Swiss National Bank - independent and firmly anchored

April 24, 2015
107th Ordinary General Meeting of Shareholders of the Swiss National Bank, Berne


The policy of active crisis management on the part of the central banks has triggered a broad international debate on the mandate, independence, responsibility and accountability of these institutions. Public interest in institutional questions relating to the Swiss National Bank (SNB), too, has increased palpably - and not just since the discontinuation of the minimum exchange rate. In the interests of a reasoned debate, it is useful to remind ourselves of the advantages of the existing institutional framework: it formulates the SNB's monetary policy mandate precisely and grants it the freedom necessary for fulfilment. The independence the SNB enjoys is purely a means to an end - ensuring that it is in a position to fulfil its mandate as effectively as possible. The Governing Board's monetary policy decisions are based on a broad range of information sources. The wide-ranging duty of accountability plays an important role in ensuring that the SNB is firmly anchored in our political system.

The rules governing the calculation and distribution of SNB profits are likewise a key component of the institutional framework as they help secure the SNB's freedom to act in the long term. This explains why the legislature attaches such importance to ensuring that the SNB has sufficient equity capital, and why it gives allocations to provisions (i.e. the creation of equity capital) priority over dividend payments and distributions to the Confederation and the cantons. Although, for the first time in the SNB's history, no dividend was paid in 2013, conditions for the payment of a dividend and distributions for the 2014 financial year have been met. The Confederation and the cantons are to receive a supplementary distribution of CHF 1 billion. It should be noted that it is not possible to 'catch up' on an unpaid dividend at a later date as there is no legal basis for making such a claim.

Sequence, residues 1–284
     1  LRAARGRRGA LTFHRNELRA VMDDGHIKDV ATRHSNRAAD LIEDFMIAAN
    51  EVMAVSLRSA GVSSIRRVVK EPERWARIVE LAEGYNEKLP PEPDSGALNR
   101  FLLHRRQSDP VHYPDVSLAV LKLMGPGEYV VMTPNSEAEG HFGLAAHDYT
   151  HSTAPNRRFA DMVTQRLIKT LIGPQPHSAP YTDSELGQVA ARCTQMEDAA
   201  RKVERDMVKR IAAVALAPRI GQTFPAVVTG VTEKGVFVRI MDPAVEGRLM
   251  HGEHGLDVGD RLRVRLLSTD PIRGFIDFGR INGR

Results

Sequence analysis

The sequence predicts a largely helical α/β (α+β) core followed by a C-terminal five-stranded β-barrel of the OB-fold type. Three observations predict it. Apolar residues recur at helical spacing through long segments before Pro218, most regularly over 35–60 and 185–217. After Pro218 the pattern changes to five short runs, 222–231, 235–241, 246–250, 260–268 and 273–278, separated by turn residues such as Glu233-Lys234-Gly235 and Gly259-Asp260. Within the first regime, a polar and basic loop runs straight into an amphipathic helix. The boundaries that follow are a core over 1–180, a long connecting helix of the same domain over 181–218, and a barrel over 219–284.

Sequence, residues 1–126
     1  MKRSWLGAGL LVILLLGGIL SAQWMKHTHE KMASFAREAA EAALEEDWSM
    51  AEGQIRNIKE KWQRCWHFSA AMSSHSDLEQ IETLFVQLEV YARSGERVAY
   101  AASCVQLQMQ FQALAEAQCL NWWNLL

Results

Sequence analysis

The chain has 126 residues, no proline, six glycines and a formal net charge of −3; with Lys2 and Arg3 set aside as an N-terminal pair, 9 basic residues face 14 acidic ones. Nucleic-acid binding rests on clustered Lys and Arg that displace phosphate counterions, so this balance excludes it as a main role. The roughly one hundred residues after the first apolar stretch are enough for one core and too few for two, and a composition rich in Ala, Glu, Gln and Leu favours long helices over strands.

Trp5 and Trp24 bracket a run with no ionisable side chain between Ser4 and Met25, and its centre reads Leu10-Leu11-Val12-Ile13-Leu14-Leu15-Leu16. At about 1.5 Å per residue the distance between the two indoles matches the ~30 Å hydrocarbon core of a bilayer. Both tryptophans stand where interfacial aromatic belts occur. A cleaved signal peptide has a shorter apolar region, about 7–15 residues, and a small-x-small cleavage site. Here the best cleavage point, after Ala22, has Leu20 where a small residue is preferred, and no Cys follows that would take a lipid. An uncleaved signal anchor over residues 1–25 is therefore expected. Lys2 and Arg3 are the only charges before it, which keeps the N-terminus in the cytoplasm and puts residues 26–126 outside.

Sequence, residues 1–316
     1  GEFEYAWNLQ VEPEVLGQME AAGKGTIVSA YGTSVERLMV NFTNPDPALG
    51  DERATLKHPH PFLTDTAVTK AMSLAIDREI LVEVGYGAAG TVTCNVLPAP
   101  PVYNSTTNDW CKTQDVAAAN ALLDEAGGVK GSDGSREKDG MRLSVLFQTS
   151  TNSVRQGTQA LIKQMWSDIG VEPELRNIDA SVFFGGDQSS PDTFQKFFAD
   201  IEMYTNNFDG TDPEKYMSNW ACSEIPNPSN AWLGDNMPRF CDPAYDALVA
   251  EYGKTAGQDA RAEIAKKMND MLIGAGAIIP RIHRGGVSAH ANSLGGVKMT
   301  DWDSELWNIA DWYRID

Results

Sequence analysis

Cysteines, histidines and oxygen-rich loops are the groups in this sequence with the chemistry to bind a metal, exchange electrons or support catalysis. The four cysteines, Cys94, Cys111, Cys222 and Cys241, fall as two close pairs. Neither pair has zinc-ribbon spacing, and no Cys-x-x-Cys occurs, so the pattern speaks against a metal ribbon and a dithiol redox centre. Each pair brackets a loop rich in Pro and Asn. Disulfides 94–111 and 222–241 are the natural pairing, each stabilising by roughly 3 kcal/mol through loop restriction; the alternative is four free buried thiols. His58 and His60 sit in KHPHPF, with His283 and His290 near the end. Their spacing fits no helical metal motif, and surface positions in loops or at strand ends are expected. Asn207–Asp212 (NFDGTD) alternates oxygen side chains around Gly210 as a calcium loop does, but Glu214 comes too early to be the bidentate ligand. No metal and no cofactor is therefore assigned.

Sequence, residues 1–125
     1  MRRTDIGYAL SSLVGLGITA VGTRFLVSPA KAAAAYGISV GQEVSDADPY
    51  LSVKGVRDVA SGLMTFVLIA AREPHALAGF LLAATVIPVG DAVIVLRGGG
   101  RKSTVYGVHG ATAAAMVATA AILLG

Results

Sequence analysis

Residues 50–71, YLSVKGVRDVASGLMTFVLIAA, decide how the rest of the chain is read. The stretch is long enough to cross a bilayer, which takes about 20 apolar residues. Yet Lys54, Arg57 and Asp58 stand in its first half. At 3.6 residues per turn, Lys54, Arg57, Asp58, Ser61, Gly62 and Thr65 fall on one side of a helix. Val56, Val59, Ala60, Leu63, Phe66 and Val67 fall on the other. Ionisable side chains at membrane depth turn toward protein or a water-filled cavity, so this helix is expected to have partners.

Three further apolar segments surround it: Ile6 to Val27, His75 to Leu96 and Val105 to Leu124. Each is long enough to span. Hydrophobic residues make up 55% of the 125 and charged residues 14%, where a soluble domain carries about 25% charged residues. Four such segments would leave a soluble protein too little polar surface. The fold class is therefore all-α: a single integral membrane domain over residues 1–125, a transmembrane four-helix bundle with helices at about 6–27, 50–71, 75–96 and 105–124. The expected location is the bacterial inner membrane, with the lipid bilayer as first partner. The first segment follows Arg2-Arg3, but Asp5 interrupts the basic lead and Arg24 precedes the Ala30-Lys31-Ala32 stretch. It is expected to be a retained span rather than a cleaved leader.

The established institutional framework ensures that the SNB never 'loses touch' with developments in the real economy. The SNB has a duty to inform the public about its monetary policy decisions at regular intervals and to account for its actions. Independence and accountability are two sides of the same coin. In monetary policy matters, the SNB must always be guided by the long-term interests of the country as a whole. This may include making difficult trade-offs, but the SNB cannot turn a blind eye to realities. For Switzerland - an open, highly interconnected economy with strong foreign trade links - international developments are particularly important. Against this backdrop, the SNB cannot shield Switzerland's economy against all risks and crises.

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  • Jean Studer
    President of the Bank Council

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